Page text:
What To Do When In Venice
For starters, the cruise ships are doing damage to the Venetian lagoon (and therefore the city itself), so if you can avoid cruises that have Venice as a port of call you’re already doing the city a great service.
But beyond that, the magic of Venice is much harder to experience when you have very limited time and when you aren’t spending the night. The best times of day in the city – without question – are the early morning (before the day-trippers arrive) and the late evening (after the day-trippers leave).
If you’re driving to Venice and back (which I don’t recommend, by the way), you have more flexibility to get there early and leave late for a long day-trip – but if you’re relying on public transport, your options aren’t going to allow you to get bewitched by Venice. So take my advice, spend at least one night (not on the mainland, either) and plan on two full days in the city.
Day One in Venice
You’ve just arrived by plane into Venice’s Marco Polo Airport, and it’s relatively early in the day. You’ll gather your bags and pull your groggy self toward the exit. You’ve read about how to get from Venice Airport into Venice, and you’ve decided which method of transportation makes the most sense for you. You’re also armed with the necessary information from your hotel or hostel, who told you which vaporetto (water bus) stop was closest to their front door.
In most cities, your first order of business upon arrival is to chuck your stuff in your room and get back out to actually see the city. In Venice, you get to see the city before you even see your hotel.
Assuming you’ve cleverly chosen a water transport method, secure a place by a window so you can see Venice come into view as you make your way across the lagoon from the airport. If you’ve splurged a bit on a water taxi, you’ll appreciate the ability to poke your head out of the top of the boat so you can really get a look at things. Have your camera ready. You’ll need it.
After you eventually check into your Venice hotel and put your bags down, resist the urge to crash for a nap. I know you’re jetlagged, but I hope the impossibility of the canal city has captivated you upon your entry and you’re eager to explore. Because that’s what you’ll spend the rest of the day doing.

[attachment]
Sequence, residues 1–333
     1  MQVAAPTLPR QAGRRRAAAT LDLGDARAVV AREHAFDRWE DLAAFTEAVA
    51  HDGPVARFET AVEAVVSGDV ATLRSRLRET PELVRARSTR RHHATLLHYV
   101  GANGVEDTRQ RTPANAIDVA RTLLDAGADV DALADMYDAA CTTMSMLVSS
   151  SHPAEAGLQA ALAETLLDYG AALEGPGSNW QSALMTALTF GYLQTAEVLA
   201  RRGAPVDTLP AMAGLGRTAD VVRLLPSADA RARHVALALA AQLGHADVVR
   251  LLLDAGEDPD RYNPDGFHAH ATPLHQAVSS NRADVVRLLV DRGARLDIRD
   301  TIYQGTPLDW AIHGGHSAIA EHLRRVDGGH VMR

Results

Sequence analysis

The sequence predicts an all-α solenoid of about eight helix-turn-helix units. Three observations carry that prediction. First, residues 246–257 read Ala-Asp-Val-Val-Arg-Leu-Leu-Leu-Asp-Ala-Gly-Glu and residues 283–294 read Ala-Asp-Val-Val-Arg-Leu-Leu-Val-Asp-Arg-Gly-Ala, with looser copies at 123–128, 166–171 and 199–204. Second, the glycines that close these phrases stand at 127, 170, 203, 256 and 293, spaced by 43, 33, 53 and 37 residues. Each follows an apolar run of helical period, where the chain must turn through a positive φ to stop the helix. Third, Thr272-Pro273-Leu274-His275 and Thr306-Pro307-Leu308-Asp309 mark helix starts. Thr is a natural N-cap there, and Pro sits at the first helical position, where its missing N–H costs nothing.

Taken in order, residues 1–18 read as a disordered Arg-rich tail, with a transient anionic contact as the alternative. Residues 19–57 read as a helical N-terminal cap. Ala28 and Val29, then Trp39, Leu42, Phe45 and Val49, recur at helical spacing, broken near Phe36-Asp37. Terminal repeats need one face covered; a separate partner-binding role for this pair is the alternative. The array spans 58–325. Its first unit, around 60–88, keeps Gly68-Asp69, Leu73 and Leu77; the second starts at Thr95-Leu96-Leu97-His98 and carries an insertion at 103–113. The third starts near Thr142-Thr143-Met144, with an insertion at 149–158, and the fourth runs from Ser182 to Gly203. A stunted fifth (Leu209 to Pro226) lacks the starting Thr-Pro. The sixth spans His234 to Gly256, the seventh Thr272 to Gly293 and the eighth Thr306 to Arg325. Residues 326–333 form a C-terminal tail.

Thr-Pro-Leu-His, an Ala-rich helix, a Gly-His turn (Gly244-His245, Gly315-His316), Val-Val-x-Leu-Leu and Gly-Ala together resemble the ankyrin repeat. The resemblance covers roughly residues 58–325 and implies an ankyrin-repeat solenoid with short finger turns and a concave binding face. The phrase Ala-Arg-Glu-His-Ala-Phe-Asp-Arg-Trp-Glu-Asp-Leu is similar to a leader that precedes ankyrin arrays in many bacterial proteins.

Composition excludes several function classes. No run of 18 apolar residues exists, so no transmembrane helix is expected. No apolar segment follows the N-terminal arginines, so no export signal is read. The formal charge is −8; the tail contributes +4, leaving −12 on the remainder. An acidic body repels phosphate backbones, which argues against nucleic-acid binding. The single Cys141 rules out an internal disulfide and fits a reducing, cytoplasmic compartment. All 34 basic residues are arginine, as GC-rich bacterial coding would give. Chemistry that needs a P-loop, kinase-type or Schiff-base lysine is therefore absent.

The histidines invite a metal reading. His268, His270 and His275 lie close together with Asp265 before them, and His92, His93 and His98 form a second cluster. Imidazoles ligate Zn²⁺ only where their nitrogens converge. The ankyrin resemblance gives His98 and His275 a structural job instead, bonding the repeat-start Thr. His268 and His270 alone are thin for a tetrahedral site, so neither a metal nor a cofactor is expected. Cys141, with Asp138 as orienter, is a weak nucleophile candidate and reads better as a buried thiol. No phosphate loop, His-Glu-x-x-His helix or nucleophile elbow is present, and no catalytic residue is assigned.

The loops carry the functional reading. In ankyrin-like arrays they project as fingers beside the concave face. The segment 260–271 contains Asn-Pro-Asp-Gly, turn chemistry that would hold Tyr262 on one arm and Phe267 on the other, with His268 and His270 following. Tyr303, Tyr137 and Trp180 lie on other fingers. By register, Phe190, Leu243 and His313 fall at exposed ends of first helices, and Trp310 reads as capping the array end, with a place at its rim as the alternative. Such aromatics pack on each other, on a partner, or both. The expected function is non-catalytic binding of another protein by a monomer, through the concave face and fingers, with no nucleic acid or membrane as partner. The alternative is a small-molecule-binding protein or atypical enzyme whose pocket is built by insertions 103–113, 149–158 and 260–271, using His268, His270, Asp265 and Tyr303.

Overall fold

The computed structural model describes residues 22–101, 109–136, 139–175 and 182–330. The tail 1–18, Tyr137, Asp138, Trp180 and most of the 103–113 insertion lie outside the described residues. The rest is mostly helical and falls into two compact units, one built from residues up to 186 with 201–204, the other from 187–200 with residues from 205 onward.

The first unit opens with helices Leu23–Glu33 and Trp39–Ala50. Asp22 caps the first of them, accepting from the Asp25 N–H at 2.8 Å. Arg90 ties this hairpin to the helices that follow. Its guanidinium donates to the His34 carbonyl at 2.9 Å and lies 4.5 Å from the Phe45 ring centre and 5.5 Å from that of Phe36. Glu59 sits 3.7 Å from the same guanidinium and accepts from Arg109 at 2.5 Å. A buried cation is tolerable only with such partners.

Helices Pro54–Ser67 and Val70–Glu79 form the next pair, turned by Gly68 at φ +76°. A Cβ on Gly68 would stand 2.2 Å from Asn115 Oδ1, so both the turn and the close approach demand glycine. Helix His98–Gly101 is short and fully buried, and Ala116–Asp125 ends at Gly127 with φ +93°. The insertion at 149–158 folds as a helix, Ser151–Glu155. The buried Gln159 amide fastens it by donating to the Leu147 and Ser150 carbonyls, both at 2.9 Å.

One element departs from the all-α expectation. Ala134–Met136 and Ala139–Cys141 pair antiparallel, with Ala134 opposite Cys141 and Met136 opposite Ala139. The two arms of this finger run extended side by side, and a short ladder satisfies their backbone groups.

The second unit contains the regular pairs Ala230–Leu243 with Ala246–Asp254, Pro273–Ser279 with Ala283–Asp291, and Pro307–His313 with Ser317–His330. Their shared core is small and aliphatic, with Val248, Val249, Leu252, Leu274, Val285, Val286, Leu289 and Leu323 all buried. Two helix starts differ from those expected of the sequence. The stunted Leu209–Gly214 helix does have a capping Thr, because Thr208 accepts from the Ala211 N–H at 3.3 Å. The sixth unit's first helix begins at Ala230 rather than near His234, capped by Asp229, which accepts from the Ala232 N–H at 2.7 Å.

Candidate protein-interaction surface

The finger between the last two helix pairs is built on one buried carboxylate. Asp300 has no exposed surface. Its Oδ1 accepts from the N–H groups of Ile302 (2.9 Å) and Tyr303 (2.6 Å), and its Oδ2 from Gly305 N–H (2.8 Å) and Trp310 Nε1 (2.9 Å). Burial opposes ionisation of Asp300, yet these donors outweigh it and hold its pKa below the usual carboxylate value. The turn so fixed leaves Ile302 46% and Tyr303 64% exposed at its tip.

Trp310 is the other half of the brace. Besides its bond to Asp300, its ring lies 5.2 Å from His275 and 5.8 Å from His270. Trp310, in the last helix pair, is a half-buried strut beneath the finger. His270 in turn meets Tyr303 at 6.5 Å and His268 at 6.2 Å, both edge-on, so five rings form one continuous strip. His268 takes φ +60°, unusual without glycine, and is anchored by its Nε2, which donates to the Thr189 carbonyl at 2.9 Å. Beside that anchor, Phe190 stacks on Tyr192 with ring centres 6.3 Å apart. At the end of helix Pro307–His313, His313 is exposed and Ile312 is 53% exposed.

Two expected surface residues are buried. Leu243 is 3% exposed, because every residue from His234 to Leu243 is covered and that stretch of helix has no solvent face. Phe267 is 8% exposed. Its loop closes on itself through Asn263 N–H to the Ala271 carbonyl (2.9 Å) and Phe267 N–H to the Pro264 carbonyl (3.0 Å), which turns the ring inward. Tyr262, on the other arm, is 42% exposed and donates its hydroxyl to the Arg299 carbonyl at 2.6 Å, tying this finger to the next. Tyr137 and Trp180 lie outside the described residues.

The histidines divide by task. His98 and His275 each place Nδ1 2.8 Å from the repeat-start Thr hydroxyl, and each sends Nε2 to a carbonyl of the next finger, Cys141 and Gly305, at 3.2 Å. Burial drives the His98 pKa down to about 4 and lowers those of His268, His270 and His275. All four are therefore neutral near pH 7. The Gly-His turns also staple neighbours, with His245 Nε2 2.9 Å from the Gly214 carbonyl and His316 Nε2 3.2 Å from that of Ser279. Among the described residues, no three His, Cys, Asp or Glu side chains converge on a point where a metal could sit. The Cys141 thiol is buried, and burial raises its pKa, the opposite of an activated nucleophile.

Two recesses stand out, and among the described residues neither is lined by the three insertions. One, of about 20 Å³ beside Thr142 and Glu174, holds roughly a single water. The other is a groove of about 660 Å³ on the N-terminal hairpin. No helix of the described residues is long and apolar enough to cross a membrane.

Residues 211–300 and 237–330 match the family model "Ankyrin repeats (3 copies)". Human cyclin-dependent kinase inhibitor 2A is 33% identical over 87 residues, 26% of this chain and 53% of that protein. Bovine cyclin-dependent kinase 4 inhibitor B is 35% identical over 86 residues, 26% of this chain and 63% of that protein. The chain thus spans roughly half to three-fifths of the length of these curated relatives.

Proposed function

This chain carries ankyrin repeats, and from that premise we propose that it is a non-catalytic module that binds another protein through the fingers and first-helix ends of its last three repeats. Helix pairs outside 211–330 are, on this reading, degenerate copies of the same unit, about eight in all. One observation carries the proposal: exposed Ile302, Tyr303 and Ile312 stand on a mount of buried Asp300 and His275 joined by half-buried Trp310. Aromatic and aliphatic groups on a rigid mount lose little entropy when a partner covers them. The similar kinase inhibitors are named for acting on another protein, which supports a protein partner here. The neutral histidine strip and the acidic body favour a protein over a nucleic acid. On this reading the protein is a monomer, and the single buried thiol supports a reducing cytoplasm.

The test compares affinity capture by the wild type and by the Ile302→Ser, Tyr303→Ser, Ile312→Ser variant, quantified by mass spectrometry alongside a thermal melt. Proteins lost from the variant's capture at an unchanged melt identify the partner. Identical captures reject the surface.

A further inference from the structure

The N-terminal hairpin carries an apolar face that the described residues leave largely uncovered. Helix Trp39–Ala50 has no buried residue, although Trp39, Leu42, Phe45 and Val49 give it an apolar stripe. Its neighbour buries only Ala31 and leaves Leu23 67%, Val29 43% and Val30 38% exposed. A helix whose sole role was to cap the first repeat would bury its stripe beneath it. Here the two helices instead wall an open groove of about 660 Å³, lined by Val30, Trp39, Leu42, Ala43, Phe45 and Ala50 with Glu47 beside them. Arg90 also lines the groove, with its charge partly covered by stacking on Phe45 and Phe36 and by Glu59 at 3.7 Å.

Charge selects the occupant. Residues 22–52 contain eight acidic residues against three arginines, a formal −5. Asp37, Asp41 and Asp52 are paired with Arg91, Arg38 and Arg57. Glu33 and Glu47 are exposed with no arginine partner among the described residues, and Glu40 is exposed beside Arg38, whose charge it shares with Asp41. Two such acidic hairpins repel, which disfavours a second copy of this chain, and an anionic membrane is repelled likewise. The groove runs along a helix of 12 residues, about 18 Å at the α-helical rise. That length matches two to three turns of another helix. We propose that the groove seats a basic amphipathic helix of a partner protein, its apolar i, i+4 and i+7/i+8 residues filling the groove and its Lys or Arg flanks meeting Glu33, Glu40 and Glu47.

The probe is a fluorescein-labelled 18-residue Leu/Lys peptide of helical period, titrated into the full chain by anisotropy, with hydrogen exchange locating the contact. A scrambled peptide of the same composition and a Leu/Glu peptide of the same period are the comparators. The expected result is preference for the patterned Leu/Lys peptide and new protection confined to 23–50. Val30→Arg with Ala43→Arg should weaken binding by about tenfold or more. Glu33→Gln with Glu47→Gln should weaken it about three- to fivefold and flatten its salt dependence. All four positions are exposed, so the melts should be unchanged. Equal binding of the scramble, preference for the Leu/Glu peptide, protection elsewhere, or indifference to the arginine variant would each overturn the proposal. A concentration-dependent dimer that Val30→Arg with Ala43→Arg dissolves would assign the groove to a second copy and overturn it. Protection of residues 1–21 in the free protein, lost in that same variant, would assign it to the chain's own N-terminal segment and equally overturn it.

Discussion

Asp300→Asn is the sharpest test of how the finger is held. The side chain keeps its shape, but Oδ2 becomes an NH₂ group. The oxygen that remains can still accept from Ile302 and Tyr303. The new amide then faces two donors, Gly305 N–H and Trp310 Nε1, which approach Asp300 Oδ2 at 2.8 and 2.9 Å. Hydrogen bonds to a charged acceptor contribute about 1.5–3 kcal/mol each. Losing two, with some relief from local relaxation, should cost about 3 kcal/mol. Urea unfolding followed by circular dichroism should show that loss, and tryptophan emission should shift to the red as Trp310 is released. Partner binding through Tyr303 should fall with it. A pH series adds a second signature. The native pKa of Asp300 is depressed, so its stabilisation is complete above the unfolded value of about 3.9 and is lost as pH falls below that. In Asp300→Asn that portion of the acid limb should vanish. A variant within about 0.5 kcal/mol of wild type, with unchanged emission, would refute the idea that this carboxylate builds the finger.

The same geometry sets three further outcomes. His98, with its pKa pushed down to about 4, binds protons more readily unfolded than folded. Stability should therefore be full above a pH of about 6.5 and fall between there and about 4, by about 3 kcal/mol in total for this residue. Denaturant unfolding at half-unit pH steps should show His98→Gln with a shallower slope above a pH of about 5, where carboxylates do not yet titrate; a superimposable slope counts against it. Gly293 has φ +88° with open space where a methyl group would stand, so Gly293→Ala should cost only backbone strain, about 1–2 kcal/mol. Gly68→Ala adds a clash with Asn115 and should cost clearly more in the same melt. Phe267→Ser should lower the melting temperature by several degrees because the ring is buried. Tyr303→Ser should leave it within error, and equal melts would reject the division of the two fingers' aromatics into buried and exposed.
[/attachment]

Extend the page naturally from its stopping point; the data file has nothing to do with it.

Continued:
Depending on when you’re visiting Venice, you may find that the lines to get into the city’s top sight – St. Mark’s Basilica – aren’t too long when you wander by. If that’s the case, jump at the chance to visit this amazing church.
It’s my favorite church anywhere (so far, at least), and it’s worth an hour (if you visit all the mini-exhibits within the basilica, that is, including taking the steep staircase to the roof where you can look over the square).
If you’ll be in Venice duruing the high season, you might look into booking a free reservation time to get into St. Mark’s Basilica – it’s free to enter, and free to book the entry time. You get about a 15-minute window in which to enter, and you just show your reservation code to the guard to bypass what can be quite a long line.
Along with a spin through St. Mark’s, the other attractions to visit during your first day in Venice are the Doge’s Palace(right next door to St. Mark’s, and worth the admission if for no other reason than it’s the only way to walk over the famous Bridge of Sighs) and the Campanile (bell tower) in front of St. Mark’s (you can take the elevator to the top for a view over the basilica), but otherwise your first day in Venice should be spent getting as utterly lost as you possibly can.
See the direction the bulk of the crowd is going? Turn left. Or right, if left would put you in a canal. And keep walking. Find another crowd? Go the other way.
Keep walking until you find those quiet back-streets of Venice, where Venetians live and work and shop. It won’t take long, I swear. It’s just that most people don’t bother to give it a try.